education funding

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The amount of money Michigan has to spend in its general fund for everything from prisons to health care dropped by nearly 25 percent over the past four fiscal years amid the recession and shrinking tax revenues. Yet the state's school aid fund remained relatively healthy, protected by earmarks for public schools.

State budget director John Nixon thinks those earmarks merit another look.

"It's not that I'm saying we need to cut the school aid fund ... (but) a lot of this stuff was put in place 15, 20 years ago when Michigan looked totally different," he said during a recent interview with The Associated Press. "We just need to strip things down and say, `This is the money we're bringing in, this is where it's going. Is it lining up appropriately?"'

Nearly three-quarters of the sales tax collected annually goes to the $13.3 billion school aid fund, as well as nearly a fourth of the income tax revenue, 42 percent of cigarette tax revenue and a third of the money raised by the use tax and the Michigan Business Tax. The school aid fund also receives all of the money raised through a statewide 6-mill education property tax, the real estate transfer tax, the state casino wagering tax and the net proceeds from lottery sales.

Lindsey Smith / Michigan Radio

Kids still enjoy the playground at Stocking Elementary School. The school in Grand Rapids was closed last year to save money. State Representative Roy Schmidt used the shuttered school as a backdrop while telling people Michigan’s fund for K-through-12 schools had a surplus this year.

“We had the money, it just got switched somewhere else.”

Matthileo / Flicker

It appears a deal was struck between Republicans and Democrats in the state Senate in order for Governor Rick Snyder’s tax overhaul to be voted on yesterday by Democratic state Senators. Chris Christoff, Lansing Bureau Chief for the Detroit Free Press, reports:

A quiet deal from Senate Republicans to give public schools an extra $150 million next year helped smooth the way Thursday for the 20-19 Senate vote to cut business taxes by $1.7 billion, tax pensions and do away with many tax exemptions.

Senate Minority Leader Gretchen Whitmer, D-East Lansing, confirmed the GOP's offer. It came in exchange for all Democrats going on the record with their votes. If any had not voted, Lt. Gov. Brian Calley couldn't have voted to break a 19-19 tie. A 19-19 tie (the Senate has 38 members) is the only circumstance under which a lieutenant governor can vote…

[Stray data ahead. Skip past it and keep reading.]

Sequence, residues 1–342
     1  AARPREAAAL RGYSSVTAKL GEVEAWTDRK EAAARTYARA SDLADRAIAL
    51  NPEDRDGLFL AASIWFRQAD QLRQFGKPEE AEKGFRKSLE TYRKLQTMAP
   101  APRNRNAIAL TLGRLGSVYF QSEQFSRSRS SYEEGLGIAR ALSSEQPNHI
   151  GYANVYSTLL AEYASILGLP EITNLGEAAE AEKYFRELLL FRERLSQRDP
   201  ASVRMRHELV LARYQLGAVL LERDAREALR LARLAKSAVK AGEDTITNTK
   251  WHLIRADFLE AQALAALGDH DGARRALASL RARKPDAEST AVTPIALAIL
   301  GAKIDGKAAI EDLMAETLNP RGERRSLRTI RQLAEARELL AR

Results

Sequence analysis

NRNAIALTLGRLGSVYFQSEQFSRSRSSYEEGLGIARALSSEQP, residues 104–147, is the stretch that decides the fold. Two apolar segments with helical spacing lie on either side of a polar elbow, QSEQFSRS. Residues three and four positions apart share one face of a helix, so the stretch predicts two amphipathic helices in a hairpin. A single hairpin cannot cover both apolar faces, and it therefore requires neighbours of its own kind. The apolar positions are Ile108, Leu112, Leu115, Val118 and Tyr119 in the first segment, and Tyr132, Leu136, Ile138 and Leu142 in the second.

The deal would lessen a Senate-approved cut to K-12 schools from $225 per pupil less than this year, to $75 per pupil less than this year.

In a piece yesterday on Mlive.com, Peter Luke also mentions a deal:

Preserving the 19-19 vote that allowed Calley to break the tie required all 12 Democrats to vote "no." If one had declined to vote, there's no tie and the measure would have failed.

Democrats agreed to all vote in exchange for a promise that a good chunk of the extra tax revenue anticipated for FY 2012 will mitigate cuts in K-12 education.

A lot of people are uneasy about Governor Rick Snyder’s proposal to cut aid to education at all levels in order to balance the budget and give business a huge tax break. Even some of those in favor of cutting business taxes have problems with this.

They reason that no matter what happens, there aren’t going to be any jobs in the future for unskilled, undereducated workers -- and certainly not any good-paying ones. Our young adults are undereducated as it is, and cutting education won’t help.

So yesterday, we were alerted that the Michigan Senate Democrats were going to offer an alternate proposal. I was very interested to see what it would be. And frankly, I was hoping it would be an alternative I could support.

That’s because I am convinced that better education and training, more than anything else, is the key to Michigan’s future.

Well, I couldn’t have been more disappointed in the Democrats -- or in Senate Minority Leader Gretchen Whitmer, a charismatic and intelligent figure who may be their best hope for the future.

The minority leader called for a state constitutional amendment that would prevent the governor from taking money out of the school aid fund in the future.  In practical terms, this is the equivalent of my calling for an amendment requiring it to be seventy degrees so I don’t freeze when I walk the dog in the morning. 

First of all, this does nothing to address this year’s problems. Even if the legislature thought this was a good idea, they’d have to agree to put it on a statewide ballot so people could vote on it.

That wouldn’t happen until long after this budget has been passed. But the legislature isn’t going to do any such thing. Republicans control both chambers. Democrats are especially weak in the Senate, where Gretchen Whitmer’s party has less than a third of the seats, and by themselves are powerless to do anything.

That’s not the worst part of her proposal, however. When she presented it to the media yesterday, she was asked this sensible question: If her proposal became law, how would Democrats then propose to fill the resulting deficit hole in the general fund?

The Senate minority leader refused to offer an answer -- other than to say the tax code should be “re-examined.”

This is precisely what has been wrong with Michigan government for the past decade, and what got the Democrats tossed out of office last fall. This is also why Governor Snyder’s plan is likely to be enacted. The governor has made a comprehensive proposal for changing the way things are done.

His numbers add up.

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